Wednesday, June 13, 2007

What Would You Do?

I'm just curious. Suppose your small community had a serious water shortage that could affect the safety of the community and people were encouraged to remind their neighbors of this dire situation if they saw them watering their lawns. What would your response be to this news?

Would you:

1. mind your own business and just hope for the best while multiple neighbors water their lawns through the hottest part of the day?

2. water your own lawn, because if the Joneses grass is green, yours has to be green too?

3. do as recommended and give warning to your neighbors, even if they take offense that you are meddling in their business?

4. have another response? If so, what would that be?

I'll tell later what I did, but I just wanted to know what you would do.

Here's what I did. I made a few copies of the emergency warning and went to three neighbors, (a fourth was not at home), and assuming they had not heard, I politely told them of the breaking news and handed them a copy. One neighbor told me she had to water because she had just fertilized her lawn and kept watering. The other seemed offended at first but after chatting for a few minutes she realized the seriousness of the situation and seem grateful for the info. The third was a boy and my son told him about the situation and he stopped watering too. Last evening another neighbor watered his flowers with a sprinkler, but technically he wasn't watering his lawn, so I said nothing to him.

Tonight someone in the neighborhood placed a copy on doors to let people know. I'm glad they did that. It is hard to watch my things dry up but I'm collecting water as we wash our hands and bathe and using this to water my plants. I don't think the soap will harm them, who knows, maybe I won't get any more insects.


Carol said...

I'd talk to my neighbors in a nice way, they might not have heard about the ban on watering lawns.

What irks me is that those with automatic sprinkler systems often don't turn them off. They act as though the watering ban, or request to water every other day like we have, doesn't apply to them! Or maybe they just don't know how to turn their sprinkler systems off...

vonlafin said...

I think that I would make a joke out of it, and tell them about the ban, and warn them that if their lawn is the only green one, everyone on the street is going to know that they have not stopped watering. Some people think that they are above these kinds of bans.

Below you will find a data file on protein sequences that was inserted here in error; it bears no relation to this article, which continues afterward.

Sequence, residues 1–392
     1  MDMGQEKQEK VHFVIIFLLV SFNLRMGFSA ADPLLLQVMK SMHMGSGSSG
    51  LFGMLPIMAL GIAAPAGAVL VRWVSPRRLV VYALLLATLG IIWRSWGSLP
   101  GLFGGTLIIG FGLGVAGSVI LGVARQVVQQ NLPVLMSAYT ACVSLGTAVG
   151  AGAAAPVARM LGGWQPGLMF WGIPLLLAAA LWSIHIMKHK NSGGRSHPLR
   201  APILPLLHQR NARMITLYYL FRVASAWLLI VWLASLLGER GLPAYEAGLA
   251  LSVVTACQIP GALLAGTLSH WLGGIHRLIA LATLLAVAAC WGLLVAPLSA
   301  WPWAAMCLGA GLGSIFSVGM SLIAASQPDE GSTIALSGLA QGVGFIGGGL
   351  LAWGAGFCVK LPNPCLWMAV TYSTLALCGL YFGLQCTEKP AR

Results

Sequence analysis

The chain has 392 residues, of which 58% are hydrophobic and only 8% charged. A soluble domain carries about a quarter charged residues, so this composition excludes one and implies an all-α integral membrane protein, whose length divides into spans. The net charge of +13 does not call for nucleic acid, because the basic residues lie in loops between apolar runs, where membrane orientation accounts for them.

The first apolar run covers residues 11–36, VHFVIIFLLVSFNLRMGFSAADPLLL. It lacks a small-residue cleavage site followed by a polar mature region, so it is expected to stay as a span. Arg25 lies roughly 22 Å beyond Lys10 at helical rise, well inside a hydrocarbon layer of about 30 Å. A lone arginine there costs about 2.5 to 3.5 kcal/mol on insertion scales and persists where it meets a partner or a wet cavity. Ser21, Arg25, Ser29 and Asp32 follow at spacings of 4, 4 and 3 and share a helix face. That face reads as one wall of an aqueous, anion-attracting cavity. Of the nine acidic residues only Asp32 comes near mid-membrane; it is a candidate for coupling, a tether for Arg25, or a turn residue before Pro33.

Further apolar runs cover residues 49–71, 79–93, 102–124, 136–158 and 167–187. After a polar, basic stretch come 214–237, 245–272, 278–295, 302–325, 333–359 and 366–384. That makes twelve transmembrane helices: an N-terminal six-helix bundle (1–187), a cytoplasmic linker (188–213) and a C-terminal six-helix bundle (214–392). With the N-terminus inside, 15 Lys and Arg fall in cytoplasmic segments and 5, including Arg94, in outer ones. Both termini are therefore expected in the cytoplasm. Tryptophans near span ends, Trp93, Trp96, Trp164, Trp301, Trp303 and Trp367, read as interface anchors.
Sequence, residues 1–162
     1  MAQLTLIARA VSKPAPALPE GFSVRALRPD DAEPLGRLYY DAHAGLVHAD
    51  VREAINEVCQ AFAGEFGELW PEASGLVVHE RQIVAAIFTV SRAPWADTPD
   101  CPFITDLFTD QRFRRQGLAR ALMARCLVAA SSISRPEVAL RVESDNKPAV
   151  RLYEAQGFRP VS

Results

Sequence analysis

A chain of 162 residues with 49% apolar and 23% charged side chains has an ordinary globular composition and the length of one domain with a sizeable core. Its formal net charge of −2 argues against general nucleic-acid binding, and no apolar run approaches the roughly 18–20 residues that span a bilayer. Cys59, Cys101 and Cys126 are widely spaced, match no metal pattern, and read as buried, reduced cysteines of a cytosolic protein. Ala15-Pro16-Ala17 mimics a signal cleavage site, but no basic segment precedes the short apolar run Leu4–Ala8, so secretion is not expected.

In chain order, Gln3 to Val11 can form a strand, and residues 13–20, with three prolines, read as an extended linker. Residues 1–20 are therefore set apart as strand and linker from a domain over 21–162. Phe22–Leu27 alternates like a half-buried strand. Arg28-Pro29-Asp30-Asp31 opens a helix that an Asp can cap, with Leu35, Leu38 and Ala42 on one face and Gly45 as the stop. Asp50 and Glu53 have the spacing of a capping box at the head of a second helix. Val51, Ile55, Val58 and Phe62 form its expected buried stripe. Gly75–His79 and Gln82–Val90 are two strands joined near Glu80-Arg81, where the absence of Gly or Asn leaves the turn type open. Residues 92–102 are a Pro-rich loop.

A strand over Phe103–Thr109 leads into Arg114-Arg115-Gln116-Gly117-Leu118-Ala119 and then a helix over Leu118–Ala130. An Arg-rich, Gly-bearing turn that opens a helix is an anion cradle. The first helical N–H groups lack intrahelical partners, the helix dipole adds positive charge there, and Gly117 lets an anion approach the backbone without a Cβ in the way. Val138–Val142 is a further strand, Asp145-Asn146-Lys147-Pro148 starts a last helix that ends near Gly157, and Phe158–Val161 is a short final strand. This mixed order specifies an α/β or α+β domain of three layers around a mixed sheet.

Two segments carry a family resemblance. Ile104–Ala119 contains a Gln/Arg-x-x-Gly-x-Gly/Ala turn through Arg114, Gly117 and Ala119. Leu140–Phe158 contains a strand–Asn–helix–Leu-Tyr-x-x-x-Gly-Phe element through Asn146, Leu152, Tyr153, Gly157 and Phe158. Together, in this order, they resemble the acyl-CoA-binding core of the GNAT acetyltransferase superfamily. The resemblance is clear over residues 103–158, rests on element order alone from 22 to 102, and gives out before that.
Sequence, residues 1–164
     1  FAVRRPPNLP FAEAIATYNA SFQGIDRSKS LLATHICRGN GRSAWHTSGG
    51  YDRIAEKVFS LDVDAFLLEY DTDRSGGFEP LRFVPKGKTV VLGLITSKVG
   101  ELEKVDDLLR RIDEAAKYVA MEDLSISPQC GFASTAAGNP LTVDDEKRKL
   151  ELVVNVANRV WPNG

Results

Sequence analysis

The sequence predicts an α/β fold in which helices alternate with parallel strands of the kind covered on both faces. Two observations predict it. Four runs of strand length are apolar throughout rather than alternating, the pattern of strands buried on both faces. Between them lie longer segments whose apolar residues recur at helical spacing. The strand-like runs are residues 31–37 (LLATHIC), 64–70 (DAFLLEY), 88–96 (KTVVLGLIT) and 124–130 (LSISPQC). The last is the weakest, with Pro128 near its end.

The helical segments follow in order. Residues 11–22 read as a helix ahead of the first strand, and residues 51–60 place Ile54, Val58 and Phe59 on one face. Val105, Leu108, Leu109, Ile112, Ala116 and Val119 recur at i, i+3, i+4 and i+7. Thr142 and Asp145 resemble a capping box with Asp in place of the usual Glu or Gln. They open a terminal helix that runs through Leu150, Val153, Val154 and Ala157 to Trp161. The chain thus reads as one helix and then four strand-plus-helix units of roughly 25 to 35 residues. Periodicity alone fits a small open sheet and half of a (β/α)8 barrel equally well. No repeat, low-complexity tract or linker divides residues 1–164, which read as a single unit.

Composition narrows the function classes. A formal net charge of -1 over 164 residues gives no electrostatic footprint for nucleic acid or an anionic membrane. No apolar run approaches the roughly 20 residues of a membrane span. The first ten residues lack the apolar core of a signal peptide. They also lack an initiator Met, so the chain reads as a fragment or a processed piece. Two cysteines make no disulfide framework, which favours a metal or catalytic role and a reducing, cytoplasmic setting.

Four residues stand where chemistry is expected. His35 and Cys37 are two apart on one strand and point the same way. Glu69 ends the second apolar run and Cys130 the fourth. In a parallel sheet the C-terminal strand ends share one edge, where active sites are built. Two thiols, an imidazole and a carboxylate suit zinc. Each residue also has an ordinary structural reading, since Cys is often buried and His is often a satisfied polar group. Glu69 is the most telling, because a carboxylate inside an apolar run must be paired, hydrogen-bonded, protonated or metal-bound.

Carolyn gail said...

Hey Robin,

I'm with Carol. I'd ask in a polite way if they'd heard of our serious water shortage and that there's a ban in effect. That should impress most logical people not to break the law.

If they continued, then I would take action by reporting them. No one should be above the law.

m said...

Hi! First and foremost I love your garden pictures. I have no idea how I came accross your blog, but I have it saved in favorites.

A couple of years ago we had a water shortage and this idiot was running a sprinkler. The rest of our yards were brown and his wash lush green. I called him up and he basically laughed and told me to mind my own business. I called the County and he got written up.

Karen said...

In our community there is a bylaw. We can only water once a week, and the day is set by the number on your house. Our neighbours know when they are allowed to water. We hardly ever see sprinklers on anymore, and when we do, it is usually on people's correct "day" and after 7PM (that is part of the bylaw too).

People get creative about watering. We are allowed to spray flowerbeds, but a lot of people use watering cans. This type of watering doesn't put as much of a demand on the system as sprinklers do.

I think if I was in your situation I'd talk to my local government and suggest they put more teeth into their "ban". I'd also suggest that telling people how to water without using up the community water supply would be a great addition to their notice. (I'm not sure if that's on the notice already.)